It has also happened to me – and the sense of injustice was so shocking I almost couldn’t speak. Furthermore, when I raised the 10K difference to HR and my boss, rather than the gap being rectified, it was justified with a “we have our system for deciding salaries, you just have to trust us.” If you do find out that there is a pay gap, especially between races/genders, rectify it immediately, apologize profusely, and consider giving back pay for the years that the gap was there.

For some reason in the US (cough cough, institutionalized sexism), women with master’s degrees tend to get paid the same as men with bachelor’s degrees. This was the case in my scenario, though in my case, I was being paid less than the guy with a bachelor’s degree. How is that fair, especially considering that the women with a master’s degree also have more student loans to pay off? Now we see why women hold the majority of student loan debt in America.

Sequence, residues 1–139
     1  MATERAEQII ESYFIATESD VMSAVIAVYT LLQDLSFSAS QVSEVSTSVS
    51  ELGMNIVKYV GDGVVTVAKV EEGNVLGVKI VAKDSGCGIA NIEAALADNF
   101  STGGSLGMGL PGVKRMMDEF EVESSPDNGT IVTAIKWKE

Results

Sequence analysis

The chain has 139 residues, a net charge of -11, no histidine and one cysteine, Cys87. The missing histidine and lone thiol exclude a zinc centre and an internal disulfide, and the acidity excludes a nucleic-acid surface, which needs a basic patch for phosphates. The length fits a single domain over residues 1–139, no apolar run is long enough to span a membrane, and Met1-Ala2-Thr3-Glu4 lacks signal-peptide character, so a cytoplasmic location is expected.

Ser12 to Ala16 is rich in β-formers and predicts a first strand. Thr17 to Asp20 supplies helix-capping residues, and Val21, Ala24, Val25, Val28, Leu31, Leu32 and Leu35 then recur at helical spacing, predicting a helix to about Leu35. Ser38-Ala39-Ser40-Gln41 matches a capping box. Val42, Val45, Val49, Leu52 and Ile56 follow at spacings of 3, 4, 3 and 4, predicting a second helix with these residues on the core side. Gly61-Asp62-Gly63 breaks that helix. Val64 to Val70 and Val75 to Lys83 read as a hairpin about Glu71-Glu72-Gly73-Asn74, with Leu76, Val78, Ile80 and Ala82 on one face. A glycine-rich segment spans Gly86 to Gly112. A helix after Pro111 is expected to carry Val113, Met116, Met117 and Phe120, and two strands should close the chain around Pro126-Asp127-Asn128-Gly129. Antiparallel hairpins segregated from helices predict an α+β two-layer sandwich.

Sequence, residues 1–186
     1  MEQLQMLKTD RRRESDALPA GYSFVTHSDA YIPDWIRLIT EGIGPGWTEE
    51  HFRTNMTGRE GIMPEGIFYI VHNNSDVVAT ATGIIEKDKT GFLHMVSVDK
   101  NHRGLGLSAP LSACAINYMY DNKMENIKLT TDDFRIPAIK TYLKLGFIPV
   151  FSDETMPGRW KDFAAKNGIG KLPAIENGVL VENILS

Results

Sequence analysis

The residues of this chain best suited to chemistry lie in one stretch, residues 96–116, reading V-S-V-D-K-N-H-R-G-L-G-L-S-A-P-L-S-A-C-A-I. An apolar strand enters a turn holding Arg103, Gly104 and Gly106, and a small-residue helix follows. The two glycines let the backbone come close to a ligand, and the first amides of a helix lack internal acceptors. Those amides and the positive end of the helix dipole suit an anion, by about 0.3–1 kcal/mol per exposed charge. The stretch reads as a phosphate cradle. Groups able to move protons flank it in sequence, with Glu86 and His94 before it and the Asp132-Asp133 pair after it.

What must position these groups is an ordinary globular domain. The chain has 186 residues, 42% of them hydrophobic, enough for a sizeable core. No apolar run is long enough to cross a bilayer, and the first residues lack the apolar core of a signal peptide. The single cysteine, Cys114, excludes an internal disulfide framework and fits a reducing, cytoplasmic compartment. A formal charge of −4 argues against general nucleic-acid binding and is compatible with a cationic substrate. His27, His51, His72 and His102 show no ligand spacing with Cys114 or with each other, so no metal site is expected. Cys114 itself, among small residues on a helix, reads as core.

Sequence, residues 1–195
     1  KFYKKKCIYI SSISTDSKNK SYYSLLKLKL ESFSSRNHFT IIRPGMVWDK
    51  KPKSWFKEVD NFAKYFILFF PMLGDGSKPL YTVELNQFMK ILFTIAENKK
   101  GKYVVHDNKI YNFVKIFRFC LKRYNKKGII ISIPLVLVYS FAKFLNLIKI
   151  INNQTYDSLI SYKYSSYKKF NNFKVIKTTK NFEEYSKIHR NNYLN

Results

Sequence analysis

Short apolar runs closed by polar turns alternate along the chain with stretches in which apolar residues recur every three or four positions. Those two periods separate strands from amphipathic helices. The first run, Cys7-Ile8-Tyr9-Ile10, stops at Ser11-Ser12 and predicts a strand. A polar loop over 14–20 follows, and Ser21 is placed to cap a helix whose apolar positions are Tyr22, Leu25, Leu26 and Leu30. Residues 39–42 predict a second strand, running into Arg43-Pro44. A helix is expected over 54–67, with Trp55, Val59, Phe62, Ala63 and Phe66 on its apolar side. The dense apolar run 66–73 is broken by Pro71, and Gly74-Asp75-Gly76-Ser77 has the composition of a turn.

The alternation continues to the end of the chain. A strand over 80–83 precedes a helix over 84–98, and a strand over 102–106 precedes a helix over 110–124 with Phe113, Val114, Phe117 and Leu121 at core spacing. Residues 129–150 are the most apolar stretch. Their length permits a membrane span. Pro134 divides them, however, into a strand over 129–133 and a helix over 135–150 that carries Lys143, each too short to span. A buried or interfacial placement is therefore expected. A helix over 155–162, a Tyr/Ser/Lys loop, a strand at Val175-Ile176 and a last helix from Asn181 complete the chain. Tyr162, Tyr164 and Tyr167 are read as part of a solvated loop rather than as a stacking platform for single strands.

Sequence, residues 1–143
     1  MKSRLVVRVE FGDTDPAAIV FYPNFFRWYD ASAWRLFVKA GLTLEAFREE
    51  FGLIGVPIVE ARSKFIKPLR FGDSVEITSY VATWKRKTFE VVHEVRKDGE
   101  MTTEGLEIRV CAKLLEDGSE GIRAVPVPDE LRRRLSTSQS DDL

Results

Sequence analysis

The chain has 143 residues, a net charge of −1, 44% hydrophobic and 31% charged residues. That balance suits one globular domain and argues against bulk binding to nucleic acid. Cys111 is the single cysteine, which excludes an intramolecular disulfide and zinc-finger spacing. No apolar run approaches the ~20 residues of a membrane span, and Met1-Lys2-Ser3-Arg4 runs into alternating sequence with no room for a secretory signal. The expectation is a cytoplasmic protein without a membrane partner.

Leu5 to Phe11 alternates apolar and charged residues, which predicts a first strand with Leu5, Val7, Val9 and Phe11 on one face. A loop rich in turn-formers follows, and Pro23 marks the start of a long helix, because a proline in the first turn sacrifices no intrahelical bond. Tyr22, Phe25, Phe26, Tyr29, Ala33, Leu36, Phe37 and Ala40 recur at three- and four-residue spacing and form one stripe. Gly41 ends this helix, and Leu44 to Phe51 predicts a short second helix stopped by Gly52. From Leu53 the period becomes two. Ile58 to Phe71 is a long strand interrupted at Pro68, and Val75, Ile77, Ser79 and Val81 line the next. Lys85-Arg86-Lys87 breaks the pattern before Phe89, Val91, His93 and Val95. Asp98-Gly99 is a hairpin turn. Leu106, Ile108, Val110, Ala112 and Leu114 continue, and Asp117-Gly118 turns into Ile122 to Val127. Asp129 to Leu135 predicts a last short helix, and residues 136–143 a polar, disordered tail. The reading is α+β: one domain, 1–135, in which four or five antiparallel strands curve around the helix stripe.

Also, I always ask a powerful question before a session - what is the change that you want to see in the world?

I typically see similar themes across nationalities and cultures. They are: embracing diversity and creating equity; practicing respect and tolerance for all regardless of race, religion, caste, gender; preventing and combatting gender-basedS violence, and taking care of the environment.

I am always inspired to see people across borders holding such common values.

But ultimately, whether you hold those values is not enough – it is whether you live into them that matters.